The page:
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Autism Unveiled: Varied Views on Variety Problems

Posted by Harry on April 14, 2024 at 12:54am 0 Comments

Autism Variety Disorders (ASD) symbolize a variety of neurodevelopmental situations known by problems in cultural conversation, communication, and similar behaviors. While every personal with ASD is unique, they usually experience frequent struggles navigating a world that doesn't generally understand or accommodate their differences. Nevertheless, with increased understanding, help, and power, people who have ASD can cause fulfilling lives and produce important contributions to… Continue

Psoriasis is a challenging condition both physically and emotionally. This red itchy and scaly skin can take a toll on your life.
Though psoriasis affects your skin, it actually begins deep inside the immune system of your body. It’s an autoimmune disorder of the skin leading to uncontrolled multiplication of your skin cells. It is characterized by thick red inflamed skin covered in silvery patches. These recurring patches occur typically on the legs, elbows, scalp, lower back, soles of the feet and palms. However, they can occur anywhere on the body.
There is no permanent cure for psoriasis, but there are many ways by which you can ease the symptoms of psoriasis. The treatment of psoriasis aims to stop or limit the growth of skin cells and to remove the scales and itchiness.
Topical Therapy
Psoriasis comes with dry patchy skin which can be itchy and cause discomfort, but with the right treatment plan, you can manage such symptoms. Your dermatologist may suggest you lotions, creams, and ointments which are referred to topical treatments. These can directly be applied to your skin and scalp.
Corticosteroids
Doctors are likely to recommend these prescribed medications to manage mild to moderate psoriasis. They may help with inflammation and reduce the building up of skin cells. These are available in the form of creams, ointments, foams, gels, sprays, and shampoos. Mid corticosteroids are usually prescribed for sensitive areas such as skin folds or your face and treating widespread patches. During flares, they can be applied once a day and less frequently just to maintain remissions.
For a tough-to-treat, less sensitive or smaller areas, skin doctors prescribe stronger corticosteroid medications. Topical corticosteroids may stop working overtime. Long-term use also has some side effects including thin skin, stretch marks, broken blood vessels, and bruising. So, ensure you follow the doctor’s directions.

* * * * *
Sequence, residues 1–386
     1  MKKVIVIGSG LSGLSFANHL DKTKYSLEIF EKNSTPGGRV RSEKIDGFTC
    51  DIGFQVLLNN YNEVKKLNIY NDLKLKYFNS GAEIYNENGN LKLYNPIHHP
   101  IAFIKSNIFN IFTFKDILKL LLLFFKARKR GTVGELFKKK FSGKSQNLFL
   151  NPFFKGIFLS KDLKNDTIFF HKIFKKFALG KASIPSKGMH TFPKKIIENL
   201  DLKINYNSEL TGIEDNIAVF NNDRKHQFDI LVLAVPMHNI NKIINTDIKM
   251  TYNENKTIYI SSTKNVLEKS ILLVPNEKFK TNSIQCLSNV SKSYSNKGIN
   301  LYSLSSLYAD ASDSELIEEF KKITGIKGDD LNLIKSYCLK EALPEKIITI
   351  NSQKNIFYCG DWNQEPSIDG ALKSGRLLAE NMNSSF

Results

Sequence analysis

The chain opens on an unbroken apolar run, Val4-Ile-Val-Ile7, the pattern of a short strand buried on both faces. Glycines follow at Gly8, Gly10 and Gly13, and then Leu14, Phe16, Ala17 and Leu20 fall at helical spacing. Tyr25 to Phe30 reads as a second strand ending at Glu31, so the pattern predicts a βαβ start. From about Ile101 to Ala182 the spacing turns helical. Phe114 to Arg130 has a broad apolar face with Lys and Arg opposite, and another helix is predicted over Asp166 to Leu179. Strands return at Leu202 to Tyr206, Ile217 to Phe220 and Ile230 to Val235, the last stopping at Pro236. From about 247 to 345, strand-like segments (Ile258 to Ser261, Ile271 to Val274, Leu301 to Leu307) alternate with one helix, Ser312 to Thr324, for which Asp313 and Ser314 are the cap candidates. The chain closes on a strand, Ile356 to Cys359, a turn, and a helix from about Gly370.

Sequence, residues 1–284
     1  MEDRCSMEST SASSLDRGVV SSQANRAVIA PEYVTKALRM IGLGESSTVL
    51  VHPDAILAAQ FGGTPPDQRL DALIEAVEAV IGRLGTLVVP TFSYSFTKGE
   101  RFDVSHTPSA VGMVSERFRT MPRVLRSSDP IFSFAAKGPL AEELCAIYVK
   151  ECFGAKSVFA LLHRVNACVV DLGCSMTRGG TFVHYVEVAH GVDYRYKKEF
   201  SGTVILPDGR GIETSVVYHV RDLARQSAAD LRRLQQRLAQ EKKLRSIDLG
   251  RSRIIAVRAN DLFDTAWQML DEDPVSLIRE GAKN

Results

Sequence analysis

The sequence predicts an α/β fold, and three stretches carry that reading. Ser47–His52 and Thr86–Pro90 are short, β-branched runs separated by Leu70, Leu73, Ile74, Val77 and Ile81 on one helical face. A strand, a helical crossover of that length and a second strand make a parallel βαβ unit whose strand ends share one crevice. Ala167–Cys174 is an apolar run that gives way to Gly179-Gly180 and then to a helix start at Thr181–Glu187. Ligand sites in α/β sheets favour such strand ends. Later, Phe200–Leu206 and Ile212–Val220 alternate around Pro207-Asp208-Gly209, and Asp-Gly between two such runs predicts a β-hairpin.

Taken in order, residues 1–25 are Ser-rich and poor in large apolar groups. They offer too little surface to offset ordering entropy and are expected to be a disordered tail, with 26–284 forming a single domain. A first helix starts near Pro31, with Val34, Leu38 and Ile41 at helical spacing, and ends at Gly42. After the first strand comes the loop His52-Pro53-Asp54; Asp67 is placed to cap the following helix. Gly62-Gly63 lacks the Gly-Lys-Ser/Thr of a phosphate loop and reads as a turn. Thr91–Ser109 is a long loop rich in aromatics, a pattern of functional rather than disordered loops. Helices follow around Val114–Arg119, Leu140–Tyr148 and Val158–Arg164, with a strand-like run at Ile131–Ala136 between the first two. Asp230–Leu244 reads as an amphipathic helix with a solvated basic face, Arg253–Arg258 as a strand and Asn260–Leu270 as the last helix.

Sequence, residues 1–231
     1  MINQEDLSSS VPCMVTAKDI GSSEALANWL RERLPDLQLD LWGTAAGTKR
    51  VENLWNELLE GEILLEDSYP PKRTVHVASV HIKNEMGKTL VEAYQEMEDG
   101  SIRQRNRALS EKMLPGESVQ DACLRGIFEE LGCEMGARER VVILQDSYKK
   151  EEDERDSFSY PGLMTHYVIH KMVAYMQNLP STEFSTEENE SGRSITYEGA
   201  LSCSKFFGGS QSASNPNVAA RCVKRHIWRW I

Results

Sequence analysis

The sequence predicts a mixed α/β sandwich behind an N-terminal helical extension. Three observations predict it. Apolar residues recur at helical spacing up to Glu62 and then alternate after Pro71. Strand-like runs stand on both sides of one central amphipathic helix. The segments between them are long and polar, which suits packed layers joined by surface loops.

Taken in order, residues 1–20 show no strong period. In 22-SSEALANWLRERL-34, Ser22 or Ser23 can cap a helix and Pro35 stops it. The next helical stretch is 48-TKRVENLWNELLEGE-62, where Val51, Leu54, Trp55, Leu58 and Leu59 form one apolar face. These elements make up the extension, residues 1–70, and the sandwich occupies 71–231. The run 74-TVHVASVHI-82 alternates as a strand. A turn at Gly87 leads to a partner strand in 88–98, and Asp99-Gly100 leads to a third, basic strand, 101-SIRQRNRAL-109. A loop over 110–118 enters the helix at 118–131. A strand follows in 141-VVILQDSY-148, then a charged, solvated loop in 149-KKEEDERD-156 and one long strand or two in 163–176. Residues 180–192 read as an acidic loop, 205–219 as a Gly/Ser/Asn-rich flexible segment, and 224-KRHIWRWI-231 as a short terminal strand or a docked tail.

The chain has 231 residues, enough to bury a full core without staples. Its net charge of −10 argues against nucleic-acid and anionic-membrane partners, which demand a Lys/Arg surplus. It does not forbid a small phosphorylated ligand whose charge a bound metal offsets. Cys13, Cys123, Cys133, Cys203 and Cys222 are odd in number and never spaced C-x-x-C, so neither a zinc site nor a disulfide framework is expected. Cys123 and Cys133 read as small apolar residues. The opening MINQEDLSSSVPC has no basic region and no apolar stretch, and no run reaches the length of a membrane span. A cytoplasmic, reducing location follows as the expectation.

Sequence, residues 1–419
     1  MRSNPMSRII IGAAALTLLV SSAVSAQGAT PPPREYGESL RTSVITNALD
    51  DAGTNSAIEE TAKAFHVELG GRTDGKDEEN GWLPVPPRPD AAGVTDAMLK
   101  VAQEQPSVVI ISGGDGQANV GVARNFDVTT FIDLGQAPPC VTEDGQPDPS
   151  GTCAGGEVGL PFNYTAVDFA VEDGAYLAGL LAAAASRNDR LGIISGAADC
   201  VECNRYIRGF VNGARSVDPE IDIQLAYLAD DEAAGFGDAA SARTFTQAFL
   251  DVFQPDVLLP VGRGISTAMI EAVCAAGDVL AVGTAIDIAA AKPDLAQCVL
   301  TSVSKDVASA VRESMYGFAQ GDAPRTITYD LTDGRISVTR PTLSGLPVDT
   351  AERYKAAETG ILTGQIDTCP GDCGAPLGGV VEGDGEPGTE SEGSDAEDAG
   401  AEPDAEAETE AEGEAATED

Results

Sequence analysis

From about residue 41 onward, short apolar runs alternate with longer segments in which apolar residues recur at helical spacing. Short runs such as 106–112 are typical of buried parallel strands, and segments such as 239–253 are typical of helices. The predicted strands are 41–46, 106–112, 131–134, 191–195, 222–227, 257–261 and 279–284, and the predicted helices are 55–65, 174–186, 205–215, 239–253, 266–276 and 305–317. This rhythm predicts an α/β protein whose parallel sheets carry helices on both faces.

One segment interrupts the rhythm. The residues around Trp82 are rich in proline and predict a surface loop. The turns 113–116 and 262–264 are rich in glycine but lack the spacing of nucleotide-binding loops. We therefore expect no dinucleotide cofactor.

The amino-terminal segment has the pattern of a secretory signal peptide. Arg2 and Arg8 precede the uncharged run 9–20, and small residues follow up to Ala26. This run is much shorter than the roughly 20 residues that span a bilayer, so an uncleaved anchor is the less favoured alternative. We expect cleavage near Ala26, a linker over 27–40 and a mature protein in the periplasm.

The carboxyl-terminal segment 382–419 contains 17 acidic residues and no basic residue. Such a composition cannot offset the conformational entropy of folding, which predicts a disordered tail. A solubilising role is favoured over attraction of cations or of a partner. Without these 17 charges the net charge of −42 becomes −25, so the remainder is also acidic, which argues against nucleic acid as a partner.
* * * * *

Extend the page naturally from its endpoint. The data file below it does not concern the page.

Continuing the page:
Vitamin D Analogues
These topical drugs have synthetic vitamin D in them. These creams, ointments, lotions, gels, solutions, and foams slow down your skin cell growth. They are safer than corticosteroids over long-term use but they can result in irritation of the skin. Over the long-term, they may be safer for you than steroids, but they can irritate your skin. Vitamin D analogues include Calcipotriene, Calcitriol, Tacalcitol.
Calcineurin Inhibitors
These topical medications help in the reduction of inflammation and plaque buildup. Calcineurin inhibitors are especially helpful in areas where the skin is thin such as around the eyes where steroid creams may be harmful or too irritating. These are not recommended during pregnancy and breast-feeding or if you intend to get pregnant. This drug is not intended for long-term use. So, use it as per your dermatologist’s directions only.
Salicylic Acid
Salicylic acid comes in the form of ointments, lotions, creams, soaps, shampoos, gels, and cloth pads. It helps in getting rid of scales that show up on patches of skin affected by psoriasis especially scalp psoriasis. It’s helpful when used with other medications by increasing their ability to penetrate the skin more easily.
Light Therapy
If topical medications are not doing great, then dermatologists may recommend light therapy. It is a first-line treatment for moderate to severe psoriasis. It may work alone or in combination with other medications. Light therapy involves exposing skin to natural or artificial light is controlled amounts. Let’s explore light therapy options for you:
Sunlight